- Why you should vote NO on ballot question #3
- How to vote in New Jersey’s general election in 2020
1. Say NO to gerrymandering — vote NO on question #3
In less than one month, the election of our lifetime — already underway — will conclude. On our ballot are decisions that will determine everything from the fate of our democracy to whether our towns, police, and schools reflect our values. Please make sure to vote (see information below), and to send your ballot in as early as possible so that any problems can be remedied before Nov 3rd.
Importantly, your New Jersey ballot includes a ballot question — question #3 — regarding postponing redistricting by two years when census results arrive after Feb 15th. This year, due to COVID-19, the results will be delayed. However, the question is not asking you to decide what will happen this year, but rather, to amend the New Jersey constitution so that the effects of COVID-19 linger for generations.
GGCNJ, together with many other organizations, urges a NO vote on ballot question #3.
There is no need for a permanent change for a one-time problem. Moreover, there are much better ways to permanently align ourselves with the census, in particular, moving elections to even years (as is the case in 48 other states). Elections in even years will be cheaper, increase participation, and allow redistricting immediately after every census, without delays.
Postponing redistricting to years ending with “3” (as is proposed in question 3) has no advantages, but has considerable disadvantages as it dilutes the power of communities in areas of NJ that have grown the most since the last census. This is a form of gerrymandering. The nonpartisan Fair Districts New Jersey coalition, which has been working to reform NJ’s redistricting process so it better serves the residents of our state, is also urging a NO vote on question 3.
A YES vote on question #3 is a vote for further disenfranchisement of voters, especially in more diverse communities, who will be denied fair representation for two years (or, in the case of senate elections, four years). This amendment will undermine redistricting for decades, and will help politicians, not people.
Vote NO on ballot question #3
2. How to vote in New Jersey in 2020
(the below is a summary from this training)
- All active registered voters will be getting ballots in the mail. Use Vote.NJ.gov to check your registration status. If you are not registered, you can register online — the deadline to register is Tuesday, Oct 13th!!
- Voting on Election Day in the polls will be by paper provisional ballots, so it is better and recommended to use the mailed ballot. You do not have to use USPS to return your mail-in ballot (see below). In any case, ALL ballots cast will be counted if eligible, including provisional ballots.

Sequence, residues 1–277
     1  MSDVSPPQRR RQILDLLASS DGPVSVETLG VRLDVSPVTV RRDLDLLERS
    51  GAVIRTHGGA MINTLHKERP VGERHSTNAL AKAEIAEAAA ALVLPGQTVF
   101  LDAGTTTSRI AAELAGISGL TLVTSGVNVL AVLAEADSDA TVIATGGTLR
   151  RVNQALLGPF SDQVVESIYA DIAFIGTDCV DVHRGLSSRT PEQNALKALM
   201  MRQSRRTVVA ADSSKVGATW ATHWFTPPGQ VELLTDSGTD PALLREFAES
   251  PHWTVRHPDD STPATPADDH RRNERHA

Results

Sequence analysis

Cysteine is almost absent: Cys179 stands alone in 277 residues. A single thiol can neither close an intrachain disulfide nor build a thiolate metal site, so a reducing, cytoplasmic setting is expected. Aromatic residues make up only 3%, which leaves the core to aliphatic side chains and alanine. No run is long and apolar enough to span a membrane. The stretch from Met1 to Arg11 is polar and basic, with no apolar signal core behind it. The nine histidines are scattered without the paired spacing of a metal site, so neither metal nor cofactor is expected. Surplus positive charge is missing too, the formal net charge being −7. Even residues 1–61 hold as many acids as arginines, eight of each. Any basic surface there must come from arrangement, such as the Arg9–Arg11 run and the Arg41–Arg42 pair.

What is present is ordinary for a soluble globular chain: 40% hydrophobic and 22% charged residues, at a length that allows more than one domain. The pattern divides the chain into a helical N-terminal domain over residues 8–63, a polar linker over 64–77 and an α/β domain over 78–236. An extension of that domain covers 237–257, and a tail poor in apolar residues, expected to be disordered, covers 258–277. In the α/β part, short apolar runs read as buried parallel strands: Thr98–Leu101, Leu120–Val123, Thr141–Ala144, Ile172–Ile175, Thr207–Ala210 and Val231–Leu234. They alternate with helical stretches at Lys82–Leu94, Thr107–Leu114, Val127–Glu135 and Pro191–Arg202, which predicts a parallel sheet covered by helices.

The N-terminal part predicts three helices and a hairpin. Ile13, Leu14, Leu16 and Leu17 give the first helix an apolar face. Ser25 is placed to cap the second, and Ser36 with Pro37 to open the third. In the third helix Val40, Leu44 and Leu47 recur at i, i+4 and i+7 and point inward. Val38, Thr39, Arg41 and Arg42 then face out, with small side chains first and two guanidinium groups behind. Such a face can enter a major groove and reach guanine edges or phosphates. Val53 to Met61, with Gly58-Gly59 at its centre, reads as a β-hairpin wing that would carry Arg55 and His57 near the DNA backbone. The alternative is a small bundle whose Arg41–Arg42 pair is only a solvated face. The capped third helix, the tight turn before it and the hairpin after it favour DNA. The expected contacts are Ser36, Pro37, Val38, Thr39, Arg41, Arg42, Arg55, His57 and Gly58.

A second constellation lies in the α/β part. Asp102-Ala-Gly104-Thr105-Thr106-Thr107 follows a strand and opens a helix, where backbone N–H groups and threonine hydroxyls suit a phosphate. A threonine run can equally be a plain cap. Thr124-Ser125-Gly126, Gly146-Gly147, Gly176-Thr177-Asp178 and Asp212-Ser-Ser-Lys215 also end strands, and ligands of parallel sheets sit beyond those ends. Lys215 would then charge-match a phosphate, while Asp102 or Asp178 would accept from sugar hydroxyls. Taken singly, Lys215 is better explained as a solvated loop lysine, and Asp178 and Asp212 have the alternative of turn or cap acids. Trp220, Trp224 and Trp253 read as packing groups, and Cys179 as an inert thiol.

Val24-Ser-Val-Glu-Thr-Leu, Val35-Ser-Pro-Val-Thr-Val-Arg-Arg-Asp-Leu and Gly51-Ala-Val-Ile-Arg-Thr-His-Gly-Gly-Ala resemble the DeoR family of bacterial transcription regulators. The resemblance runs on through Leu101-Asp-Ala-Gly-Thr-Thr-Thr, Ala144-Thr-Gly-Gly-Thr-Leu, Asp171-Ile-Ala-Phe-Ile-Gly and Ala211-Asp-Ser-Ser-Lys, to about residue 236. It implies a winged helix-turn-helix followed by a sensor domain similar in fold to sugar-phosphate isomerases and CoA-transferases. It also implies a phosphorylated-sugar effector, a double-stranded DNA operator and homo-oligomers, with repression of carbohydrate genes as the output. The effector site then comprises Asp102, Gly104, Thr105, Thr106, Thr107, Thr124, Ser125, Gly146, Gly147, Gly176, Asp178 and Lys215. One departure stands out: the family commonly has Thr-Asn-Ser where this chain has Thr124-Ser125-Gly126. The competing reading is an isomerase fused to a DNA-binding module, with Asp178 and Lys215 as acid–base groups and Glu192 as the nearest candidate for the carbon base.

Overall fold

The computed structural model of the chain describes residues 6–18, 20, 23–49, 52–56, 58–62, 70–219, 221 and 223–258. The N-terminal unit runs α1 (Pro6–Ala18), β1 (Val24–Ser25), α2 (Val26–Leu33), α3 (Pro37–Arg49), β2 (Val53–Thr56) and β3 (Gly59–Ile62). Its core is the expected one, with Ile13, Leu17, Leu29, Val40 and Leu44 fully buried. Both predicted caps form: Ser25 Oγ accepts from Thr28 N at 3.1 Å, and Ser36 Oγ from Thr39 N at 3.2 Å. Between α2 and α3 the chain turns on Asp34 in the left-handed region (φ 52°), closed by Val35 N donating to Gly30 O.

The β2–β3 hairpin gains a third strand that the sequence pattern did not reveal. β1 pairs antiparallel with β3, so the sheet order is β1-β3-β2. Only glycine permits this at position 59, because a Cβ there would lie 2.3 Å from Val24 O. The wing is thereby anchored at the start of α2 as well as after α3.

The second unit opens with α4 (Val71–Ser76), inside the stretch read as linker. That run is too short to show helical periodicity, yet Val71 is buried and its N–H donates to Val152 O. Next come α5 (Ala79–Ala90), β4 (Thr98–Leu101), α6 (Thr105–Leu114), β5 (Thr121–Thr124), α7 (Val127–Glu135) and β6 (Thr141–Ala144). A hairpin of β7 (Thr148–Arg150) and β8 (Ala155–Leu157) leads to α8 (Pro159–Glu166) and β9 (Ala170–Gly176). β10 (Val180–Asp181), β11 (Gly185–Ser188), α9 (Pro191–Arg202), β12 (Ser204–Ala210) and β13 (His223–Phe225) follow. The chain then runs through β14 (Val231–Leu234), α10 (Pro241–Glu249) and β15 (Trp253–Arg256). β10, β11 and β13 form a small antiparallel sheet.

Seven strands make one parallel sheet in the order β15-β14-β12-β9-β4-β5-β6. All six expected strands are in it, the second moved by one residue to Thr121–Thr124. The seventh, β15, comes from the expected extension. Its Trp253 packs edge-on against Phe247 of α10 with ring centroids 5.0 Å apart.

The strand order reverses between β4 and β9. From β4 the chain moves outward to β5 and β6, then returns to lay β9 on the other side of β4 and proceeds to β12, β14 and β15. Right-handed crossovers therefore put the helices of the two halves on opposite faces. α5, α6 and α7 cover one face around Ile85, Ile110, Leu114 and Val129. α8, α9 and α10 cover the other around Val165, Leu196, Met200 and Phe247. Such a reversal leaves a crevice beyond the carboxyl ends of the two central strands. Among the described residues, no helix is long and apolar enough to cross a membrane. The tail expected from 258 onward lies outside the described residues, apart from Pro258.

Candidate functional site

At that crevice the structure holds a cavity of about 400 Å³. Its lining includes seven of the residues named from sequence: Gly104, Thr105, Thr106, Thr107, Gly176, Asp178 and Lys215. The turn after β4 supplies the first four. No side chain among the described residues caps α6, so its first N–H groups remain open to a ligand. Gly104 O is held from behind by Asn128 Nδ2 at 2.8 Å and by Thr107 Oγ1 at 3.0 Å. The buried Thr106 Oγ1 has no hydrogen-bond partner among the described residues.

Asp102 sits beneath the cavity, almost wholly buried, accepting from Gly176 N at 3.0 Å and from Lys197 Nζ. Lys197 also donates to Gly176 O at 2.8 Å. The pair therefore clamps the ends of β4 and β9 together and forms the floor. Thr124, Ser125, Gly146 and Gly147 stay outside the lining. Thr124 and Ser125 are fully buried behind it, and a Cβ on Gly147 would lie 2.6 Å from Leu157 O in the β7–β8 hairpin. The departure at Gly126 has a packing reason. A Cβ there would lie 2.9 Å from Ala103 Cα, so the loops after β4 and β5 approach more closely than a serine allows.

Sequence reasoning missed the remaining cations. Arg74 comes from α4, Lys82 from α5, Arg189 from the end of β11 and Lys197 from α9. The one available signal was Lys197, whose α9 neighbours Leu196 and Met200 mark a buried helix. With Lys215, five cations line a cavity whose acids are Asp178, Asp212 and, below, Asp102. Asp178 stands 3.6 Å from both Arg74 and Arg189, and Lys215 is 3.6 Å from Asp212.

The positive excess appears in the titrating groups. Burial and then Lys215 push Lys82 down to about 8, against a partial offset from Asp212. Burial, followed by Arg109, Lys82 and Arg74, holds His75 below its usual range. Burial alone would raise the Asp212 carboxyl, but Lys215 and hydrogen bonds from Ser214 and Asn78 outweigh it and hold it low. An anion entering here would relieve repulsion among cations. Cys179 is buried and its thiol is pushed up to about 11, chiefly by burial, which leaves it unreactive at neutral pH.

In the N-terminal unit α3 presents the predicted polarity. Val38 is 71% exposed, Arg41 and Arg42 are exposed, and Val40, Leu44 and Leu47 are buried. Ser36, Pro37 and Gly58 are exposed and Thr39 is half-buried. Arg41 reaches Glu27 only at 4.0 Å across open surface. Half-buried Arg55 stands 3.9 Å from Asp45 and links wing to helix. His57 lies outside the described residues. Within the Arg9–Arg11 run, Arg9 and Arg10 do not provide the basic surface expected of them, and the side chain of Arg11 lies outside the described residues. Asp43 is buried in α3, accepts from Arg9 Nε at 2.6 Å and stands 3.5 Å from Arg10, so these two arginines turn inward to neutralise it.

- There are 3 components of the mailed ballot: Ballot, certificate, return envelope.
- Ballot: Vote with PEN not pencil, blue or black ink. Make sure to turn the ballot around as there are often questions on the back.
- Put ballot inside the certificate and fill the certificate without detaching it. Make sure to sign, then seal (the certificate is an inner envelope).
- Put the sealed certificate into the prepaid postage return envelope, and seal.
- If you messed something up (e.g., detached the certificate; marked too many candidates), you can request a replacement ballot as long as you have not returned your ballot. After mailing in or otherwise returning your ballot, it cannot be recalled.
- There are several ways to return the filled ballot:
- by mail (it has to be postmarked by 8pm Nov 3)
- by secure ballot drop box – there are several in each county (most are at municipal buildings or fire houses); these are 100% secure with 24h camera surveillance and secure emptying every day including weekends.
- deliver to board of elections – please check the location and hours of operations
- deliver to polling place on Election Day — important: only the voter can return the ballot to the polling location, and it has to be the correct polling place. As not all the polling locations will be open this year, find your polling place here.
- Bearers: If someone else transports your ballot, they are a “bearer”. Bearer must sign the portion of the outer envelope, and can only bear up to 3 envelopes (apart from their own) even to secure ballot boxes. Only you can bring your ballot to drop it off at the polling location on Election Day.
- Track your ballot at trackmyballot.nj.gov using your drivers license, voter ID or last 4 digits of SSN. Your voter ID can be found on the “Am I registered” page. It is recommended to make an account with that ID. This page will let you know that your ballot was received, and whether it was accepted (the latter only after Nov 3rd).
- If something is wrong, you can cure your ballot thanks to the Ballot Cures Act. Within 24h after the decision to reject a ballot, you will be sent a letter by mail, email, and they will try to call by phone. There is a cure form and you will have a chance to cure the ballot. Please do not wait with this, in case more curing is needed. All curing must be done and received by Nov 18. Curing is ongoing and letters are sent as soon as a problem is found — please return your ballot early to allow for curing.
- Every ballot sent by mail must be postmarked by Election Day to be counted, but can be received up to a week later (there were issues with postmarking in some counties in the primary election, so don’t wait for last minute!). Ballots without a postmark will be counted if certified by post office that they arrived on time. But see the other options for returning your ballot above — you do not have to mail your ballot in.
- Applications to be a poll worker on Election Day (which is a paid job) can be made through vote.nj.gov